Soldier Accused Of Cutting Ex-Girlfriend's Throat Admits He Was Obsessive
21 April 2017, 15:21
A soldier accused of breaking into his ex-girlfriend's flat and cutting her throat from ear to ear has admitted he was obsessive but denied stalking her.
Lance Corporal Trimaan ''Harry'' Dhillon denies murdering Alice Ruggles and leaving her to bleed to death in the bathroom of her Gateshead flat last October.
The Edinburgh-based signaller with the 2 Scots told Newcastle Crown Court he loved the 24-year-old, telling the jury they shared a sense of humour, that she made him feel special and he liked how she looked.
From the witness box, Dhillon appeared upset when he said: ''We used to share the craziest sense of humour together and I knew everything about her - all her friends, what she liked to eat, what she liked to drink, what make up brand she loved, what clothes she loved.
''That's not because I stalked her, that's because I used to care and listen every time.''
Richard Wright QC, prosecuting, listed the numerous attempts Dhillon made to contact his ex-girlfriend in the weeks before she died, which included making three 240-mile round trips from his barracks to Tyneside ''to hang around her house at night''.
Dhillon, under cross-examination, admitted it was ''not a nice thing to do''.
Mr Wright said: ''Hanging around in the dark, scaring the women you tell the jury you loved?''
Dhillon said: ''I have no justification.'' He agreed with Mr Wright that it was obsessive behaviour.
Later, Mr Wright asked the defendant how he asked a woman he knew from Tinder whether he was better looking than a man he heard Miss Ruggles was thinking of dating.
Dhillon replied: ''It's not the best behaviour, I will accept.''
Mr Wright asked: ''Is it the sort of thing a stalker might do, Mr Dhillon?''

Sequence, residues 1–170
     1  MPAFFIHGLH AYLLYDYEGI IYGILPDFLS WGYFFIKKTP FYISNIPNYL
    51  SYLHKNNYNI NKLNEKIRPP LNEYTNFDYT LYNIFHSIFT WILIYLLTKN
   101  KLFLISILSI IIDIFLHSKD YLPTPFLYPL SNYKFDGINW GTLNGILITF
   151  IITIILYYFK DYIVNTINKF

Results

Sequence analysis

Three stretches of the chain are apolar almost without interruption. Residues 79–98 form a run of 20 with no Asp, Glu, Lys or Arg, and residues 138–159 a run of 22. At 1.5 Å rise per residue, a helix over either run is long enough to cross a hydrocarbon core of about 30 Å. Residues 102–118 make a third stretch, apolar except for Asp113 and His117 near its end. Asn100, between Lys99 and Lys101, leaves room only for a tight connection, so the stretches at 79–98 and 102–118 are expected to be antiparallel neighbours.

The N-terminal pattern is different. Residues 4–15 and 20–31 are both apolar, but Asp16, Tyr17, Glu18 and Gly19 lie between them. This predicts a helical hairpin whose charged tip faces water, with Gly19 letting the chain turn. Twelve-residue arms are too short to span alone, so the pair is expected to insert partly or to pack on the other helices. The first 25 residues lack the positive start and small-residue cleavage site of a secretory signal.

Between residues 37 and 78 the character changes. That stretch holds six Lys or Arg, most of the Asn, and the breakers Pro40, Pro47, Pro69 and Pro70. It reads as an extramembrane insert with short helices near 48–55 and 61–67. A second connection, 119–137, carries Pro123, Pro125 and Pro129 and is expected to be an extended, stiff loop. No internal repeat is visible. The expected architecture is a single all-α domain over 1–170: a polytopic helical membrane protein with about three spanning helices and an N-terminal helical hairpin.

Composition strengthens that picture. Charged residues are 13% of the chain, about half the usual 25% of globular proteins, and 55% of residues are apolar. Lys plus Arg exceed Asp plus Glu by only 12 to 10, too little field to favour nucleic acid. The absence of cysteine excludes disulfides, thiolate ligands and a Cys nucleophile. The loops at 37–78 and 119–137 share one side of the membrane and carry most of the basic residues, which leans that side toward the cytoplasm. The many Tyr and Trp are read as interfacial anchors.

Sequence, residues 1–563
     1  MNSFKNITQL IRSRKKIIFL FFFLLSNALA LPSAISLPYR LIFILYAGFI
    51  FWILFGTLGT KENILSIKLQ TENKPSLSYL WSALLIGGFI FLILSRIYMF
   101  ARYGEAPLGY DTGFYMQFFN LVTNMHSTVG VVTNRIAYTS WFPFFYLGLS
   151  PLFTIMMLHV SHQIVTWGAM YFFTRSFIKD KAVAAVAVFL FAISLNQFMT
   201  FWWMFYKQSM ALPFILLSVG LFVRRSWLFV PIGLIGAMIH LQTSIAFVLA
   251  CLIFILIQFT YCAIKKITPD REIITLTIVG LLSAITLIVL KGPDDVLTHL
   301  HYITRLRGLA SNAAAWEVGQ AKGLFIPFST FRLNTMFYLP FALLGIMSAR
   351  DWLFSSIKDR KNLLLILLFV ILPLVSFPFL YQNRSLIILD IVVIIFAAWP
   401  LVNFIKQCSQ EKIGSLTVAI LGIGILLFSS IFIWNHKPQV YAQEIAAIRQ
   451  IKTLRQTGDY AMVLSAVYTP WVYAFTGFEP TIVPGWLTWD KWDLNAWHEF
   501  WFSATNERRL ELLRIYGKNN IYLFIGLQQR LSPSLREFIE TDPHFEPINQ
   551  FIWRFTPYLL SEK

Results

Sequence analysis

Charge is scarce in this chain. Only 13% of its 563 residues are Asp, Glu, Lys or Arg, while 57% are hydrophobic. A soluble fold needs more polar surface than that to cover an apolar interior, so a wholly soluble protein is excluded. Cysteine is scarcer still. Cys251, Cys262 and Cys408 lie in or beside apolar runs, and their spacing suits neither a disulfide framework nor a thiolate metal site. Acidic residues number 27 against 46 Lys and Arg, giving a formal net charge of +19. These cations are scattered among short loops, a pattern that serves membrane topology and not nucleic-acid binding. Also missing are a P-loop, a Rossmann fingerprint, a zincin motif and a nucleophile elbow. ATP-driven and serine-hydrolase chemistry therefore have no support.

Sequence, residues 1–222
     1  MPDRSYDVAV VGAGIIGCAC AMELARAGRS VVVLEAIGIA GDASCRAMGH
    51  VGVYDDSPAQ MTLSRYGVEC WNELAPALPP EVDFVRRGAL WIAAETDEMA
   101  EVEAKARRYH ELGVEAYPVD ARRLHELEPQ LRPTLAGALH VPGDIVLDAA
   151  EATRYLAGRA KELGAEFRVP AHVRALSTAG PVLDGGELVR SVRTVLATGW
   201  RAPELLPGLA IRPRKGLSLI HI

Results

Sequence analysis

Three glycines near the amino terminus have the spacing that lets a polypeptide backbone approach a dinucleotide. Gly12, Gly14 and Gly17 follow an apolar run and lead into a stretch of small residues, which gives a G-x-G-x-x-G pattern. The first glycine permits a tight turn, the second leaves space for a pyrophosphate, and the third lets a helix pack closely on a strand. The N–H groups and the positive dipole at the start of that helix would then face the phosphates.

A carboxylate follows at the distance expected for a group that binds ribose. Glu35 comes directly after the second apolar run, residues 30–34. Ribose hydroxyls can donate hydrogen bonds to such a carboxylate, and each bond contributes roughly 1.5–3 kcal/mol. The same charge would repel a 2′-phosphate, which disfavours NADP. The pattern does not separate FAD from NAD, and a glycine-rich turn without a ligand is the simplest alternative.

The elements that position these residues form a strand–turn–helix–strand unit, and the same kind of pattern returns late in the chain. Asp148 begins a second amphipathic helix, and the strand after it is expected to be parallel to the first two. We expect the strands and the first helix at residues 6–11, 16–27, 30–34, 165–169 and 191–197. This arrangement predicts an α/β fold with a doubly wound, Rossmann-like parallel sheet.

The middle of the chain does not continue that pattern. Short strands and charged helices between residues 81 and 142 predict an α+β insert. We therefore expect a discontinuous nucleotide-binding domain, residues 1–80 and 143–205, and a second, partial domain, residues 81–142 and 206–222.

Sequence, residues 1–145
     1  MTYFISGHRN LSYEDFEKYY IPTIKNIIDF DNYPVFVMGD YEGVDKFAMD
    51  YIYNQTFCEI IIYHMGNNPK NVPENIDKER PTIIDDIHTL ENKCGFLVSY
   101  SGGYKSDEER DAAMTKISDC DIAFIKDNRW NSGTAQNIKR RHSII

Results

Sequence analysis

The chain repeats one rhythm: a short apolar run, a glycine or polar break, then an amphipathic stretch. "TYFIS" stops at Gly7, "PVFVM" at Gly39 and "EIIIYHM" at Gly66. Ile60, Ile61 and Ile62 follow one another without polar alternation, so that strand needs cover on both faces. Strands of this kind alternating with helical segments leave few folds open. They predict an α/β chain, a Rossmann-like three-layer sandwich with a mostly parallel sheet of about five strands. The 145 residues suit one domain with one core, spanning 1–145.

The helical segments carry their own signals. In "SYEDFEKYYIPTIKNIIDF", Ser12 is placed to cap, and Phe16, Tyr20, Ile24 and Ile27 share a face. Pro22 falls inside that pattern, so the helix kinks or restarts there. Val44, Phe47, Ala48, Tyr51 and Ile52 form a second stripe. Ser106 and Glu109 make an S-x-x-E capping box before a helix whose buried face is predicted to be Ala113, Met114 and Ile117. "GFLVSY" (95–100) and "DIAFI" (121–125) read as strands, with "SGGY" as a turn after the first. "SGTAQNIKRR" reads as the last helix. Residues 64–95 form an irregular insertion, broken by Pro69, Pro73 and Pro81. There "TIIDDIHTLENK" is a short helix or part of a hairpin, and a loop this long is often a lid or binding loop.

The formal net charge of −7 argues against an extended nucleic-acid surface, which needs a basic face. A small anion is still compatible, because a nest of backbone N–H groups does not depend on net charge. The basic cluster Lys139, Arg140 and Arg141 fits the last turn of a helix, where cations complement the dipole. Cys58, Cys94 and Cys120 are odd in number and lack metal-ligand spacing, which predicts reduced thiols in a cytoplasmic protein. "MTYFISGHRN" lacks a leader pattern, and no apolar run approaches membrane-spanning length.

The 26-year-old defendant replied: ''I never at any point considered myself to be stalking her.''
Mr Wright said: ''You plagued the last few weeks of this poor girl's life and made it miserable.''
Dhillon replied: ''I'm not going to say my actions were right.
''The intention was not there.''
The jury has heard Dhillon claims Miss Ruggles died when she lunged at him with a carving knife and the weapon ended up in her neck when he blocked her.
The prosecution claims she suffered six or more slices to the neck which went through to her spine.
The trial continues.
Dhillon agreed with Mr Wright's suggestion that his case was that Miss Ruggles' death was a ''terrible accident''.
He also agreed with the prosecution's suggestion that he believed the trial was a ``terrible misunderstanding''.
Mr Wright said: ''I'm going to be suggesting to this jury that you are a liar, that you tell lies whenever it suits you and you tell them to help yourself.''
Dhillon replied: ''Yes, I have lied in the past, yes.''
Mr Wright said: ''I'm going to suggest that you set out to manipulate and control Alice during your relationship.''
The accused replied: ''I don't accept that.''
Mr Wright said: ''I'm going to suggest you were utterly and dangerously obsessed with Alice - do you accept that?''
Dhillon said: ''No, I don't.''
Mr Wright said: ''I'm going to suggest when you realised she did not want to be with you and she found a far better man who was going to make her happy, you reached boiling point. Do you accept that?''
Dhillon said: ''No, I don't.''
Mr Wright said: ''I'm going to suggest your version of events is a constructed, lying account because you are trying to get away with the fact you murdered her. Do you accept that?''
Dhillon replied: ''No, I don't.''
The exchange ended with Mr Wright asking: ''I'm going to suggest you had a knife and you killed her in a jealous temper. Do you accept that?''
Again, Dhillon replied: ''No, I don't.''